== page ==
• To use the information above to identify key variables impacting on clinical leadership

• To adapt clinical leadership instrument in measuring psychosocial variables, and to pilot test the different data collection instrument.


Relevant data were gathered through the use of validated questionnaire which comprises of four sections (A-D).

Section A: Socio-demographic information. These include age, gender, marital status, job position, job tenure and academic qualification.

Section B: The rosenberg self esteem scale (self esteem): The Rosenberg self esteem scale, is a widely used self-report instrument for evaluating individual self esteem, 10-item scale that measures global self-worth by measuring both positive and negative feelings about the self. The scale is uni-dimensional. All items are answered using a 4- point Likert type scale format ranging from strongly agree to strongly disagree. Scoring: Items 2, 5, 6, 8, and 9 are reverse scored. Give “Strongly Disagree” 1 point, “Disagree” 2 points, “Agree” 3 points, and “Strongly Agree” 4 points. The scores are on a continuous scale. Higher scores indicate higher self esteem. Samples items included: ‘‘I am able to do things as well as most other people’’ showed that the RSES had adequate internal reliability, and test retest correlation of 0.61 over a 7- month period in Ontario, reported a Cronbach’s Alpha coefficient of 0.79. Baumeister et al. [35] reported a Cronbach’s Alpha coefficient of 0.86 and Cronbach’s Alpha of 0.86 among health workers. Among Nigerian samples of the Rosenberg scale coefficient of 0.92 showing good internal consistency using Nigerian Sample. In the present study, a Cronbach’s Alpha of 0.410 was obtained for the scale. Scores above the mean reflect high self esteem while score below the mean indicate low self esteem. Higher score on the scale implies high self esteem.

Pilot study item development for key variables

Principal component analysis was used for factor analysis in the pilot study. The pilot phase was consisted of developing and selecting items for each of the variables used in the study. The variables include:

• Self esteem (predictor variable)

• Interpersonal relationship (predictor variable)

• Extroversion (predictor variable)

• Clinical leadership (dependent variable).

The items were generated by combining questions from existing scales (Clinical Leadership Competency Framework, Rosenberg Self Esteem Scale, Relationship Assessment Scale and the Big Five Personality Inventory) with the items generated on the basis of the variables under focus. Using principal component analysis the items in the questionnaire were tested and a selection of questions to be included in the final questionnaire which was administered in the final data collection phase, on the basis of internal consistency and reliability. It is imperative to note here that, certain items were removed in the final selection. The initial Rosenberg scale which was a 10 item Likert instrument but upon factor analysis it was revealed that item 8 had low coefficients and hence was removed. The Cronbach Alpha reliability coefficient of the Rosenberg Self Esteem Scale after factor analysis using principal component analysis was 0.920.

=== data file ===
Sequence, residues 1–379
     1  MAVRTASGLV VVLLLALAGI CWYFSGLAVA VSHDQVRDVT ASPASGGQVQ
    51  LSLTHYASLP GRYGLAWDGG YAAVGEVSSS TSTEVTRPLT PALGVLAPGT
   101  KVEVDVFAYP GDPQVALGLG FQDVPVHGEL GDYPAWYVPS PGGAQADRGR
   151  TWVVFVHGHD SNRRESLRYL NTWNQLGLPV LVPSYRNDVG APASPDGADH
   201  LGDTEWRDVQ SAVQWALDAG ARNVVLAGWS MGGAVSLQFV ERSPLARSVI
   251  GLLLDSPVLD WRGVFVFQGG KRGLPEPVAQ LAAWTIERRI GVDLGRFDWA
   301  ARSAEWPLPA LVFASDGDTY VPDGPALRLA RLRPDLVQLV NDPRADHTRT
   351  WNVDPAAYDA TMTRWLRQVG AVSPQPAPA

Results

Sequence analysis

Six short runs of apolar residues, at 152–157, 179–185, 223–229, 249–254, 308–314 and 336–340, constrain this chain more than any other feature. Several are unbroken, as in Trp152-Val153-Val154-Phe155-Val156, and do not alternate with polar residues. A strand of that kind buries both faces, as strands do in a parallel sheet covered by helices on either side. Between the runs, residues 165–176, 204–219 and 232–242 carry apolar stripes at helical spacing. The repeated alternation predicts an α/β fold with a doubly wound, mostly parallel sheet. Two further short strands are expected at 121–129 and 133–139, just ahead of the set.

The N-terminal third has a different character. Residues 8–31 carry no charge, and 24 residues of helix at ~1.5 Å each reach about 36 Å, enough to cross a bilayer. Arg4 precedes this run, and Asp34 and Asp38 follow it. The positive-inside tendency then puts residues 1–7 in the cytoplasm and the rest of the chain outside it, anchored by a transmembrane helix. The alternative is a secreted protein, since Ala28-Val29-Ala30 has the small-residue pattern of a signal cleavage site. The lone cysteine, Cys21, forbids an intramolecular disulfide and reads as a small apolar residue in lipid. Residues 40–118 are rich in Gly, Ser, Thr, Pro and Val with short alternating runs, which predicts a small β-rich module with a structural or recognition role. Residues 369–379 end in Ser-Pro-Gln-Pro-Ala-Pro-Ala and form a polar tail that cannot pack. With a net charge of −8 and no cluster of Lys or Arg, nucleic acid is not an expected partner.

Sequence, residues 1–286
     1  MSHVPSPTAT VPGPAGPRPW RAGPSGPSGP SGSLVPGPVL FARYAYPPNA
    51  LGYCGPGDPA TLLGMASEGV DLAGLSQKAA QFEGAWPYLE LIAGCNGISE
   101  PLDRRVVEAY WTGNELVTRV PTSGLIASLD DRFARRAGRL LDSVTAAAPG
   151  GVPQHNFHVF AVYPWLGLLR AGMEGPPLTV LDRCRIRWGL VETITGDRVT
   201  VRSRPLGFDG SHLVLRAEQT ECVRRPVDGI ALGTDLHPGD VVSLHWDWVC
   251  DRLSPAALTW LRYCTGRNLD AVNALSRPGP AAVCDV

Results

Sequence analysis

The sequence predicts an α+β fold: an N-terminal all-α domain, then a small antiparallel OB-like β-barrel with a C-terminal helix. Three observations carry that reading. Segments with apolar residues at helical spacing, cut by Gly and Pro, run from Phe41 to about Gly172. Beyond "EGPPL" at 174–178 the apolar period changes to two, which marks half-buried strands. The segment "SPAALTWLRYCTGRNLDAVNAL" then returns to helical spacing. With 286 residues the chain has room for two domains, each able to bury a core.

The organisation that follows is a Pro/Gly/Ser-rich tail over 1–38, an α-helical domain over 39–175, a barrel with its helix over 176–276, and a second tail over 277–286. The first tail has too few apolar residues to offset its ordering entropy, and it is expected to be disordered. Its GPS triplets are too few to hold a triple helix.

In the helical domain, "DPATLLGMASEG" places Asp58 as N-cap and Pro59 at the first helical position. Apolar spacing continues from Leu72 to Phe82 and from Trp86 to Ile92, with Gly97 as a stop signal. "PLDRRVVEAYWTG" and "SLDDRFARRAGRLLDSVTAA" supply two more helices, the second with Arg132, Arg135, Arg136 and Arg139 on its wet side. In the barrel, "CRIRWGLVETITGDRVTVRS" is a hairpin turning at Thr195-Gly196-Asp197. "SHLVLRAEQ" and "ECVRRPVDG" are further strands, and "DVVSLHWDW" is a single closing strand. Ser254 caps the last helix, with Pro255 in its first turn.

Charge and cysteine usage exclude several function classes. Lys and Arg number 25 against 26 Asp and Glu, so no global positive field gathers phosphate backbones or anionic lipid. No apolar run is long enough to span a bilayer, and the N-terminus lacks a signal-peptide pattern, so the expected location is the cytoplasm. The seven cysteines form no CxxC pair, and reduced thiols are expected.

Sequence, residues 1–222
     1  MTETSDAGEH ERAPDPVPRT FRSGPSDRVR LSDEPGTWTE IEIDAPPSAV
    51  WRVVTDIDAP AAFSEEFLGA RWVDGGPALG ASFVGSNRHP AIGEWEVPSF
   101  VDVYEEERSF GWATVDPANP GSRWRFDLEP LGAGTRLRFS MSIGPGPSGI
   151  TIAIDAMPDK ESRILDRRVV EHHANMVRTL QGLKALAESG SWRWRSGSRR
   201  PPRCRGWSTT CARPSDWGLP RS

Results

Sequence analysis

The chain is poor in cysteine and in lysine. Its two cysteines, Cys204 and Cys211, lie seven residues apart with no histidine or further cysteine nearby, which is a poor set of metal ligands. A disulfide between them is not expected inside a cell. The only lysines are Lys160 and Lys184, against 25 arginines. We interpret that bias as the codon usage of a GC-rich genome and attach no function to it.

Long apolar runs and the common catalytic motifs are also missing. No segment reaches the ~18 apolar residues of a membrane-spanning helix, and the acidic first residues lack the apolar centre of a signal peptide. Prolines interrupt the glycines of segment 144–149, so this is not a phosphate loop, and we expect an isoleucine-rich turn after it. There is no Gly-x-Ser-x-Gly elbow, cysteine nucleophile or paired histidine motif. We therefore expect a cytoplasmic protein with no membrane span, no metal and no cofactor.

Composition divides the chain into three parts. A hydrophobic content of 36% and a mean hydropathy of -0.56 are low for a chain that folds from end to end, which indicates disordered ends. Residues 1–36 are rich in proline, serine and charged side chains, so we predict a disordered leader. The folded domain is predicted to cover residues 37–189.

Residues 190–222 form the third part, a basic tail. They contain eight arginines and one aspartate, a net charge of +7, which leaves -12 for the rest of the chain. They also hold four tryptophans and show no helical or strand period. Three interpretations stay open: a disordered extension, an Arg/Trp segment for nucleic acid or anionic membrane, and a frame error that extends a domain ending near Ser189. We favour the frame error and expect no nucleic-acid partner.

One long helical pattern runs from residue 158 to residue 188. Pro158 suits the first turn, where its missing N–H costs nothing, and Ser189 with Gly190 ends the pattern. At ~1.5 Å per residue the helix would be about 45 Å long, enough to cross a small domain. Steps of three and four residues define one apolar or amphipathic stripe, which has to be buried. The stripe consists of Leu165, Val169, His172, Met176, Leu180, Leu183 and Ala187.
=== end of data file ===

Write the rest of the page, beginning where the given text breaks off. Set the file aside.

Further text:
Section A: Extroversion (The big five personality inventory): Extroversion is the personality trait of seeking fulfillment from sources outside the self or in community. The instrument used for collection of data for extroversion was the big five personality traits questionnaire 44-item inventory that measures an individual on the Big Five Factors (dimensions) of personality. Each of the factors is then further divided into personality facets which consists of openness (8 items), conscientiousness (10 items), Extraversion and Introversion (9 items), Agreeableness (11 items) and Neuroticism (10 items). However, only the section measuring extroversion was used in the study and not the composite sections of the instrument. The instrument measured facets of (and correlated trait adjective) extraversion including gregariousness (sociable), assertiveness (forceful), activity (energetic), excitement-seeking (adventurous), positive emotions (enthusiastic), and warmth (outgoing).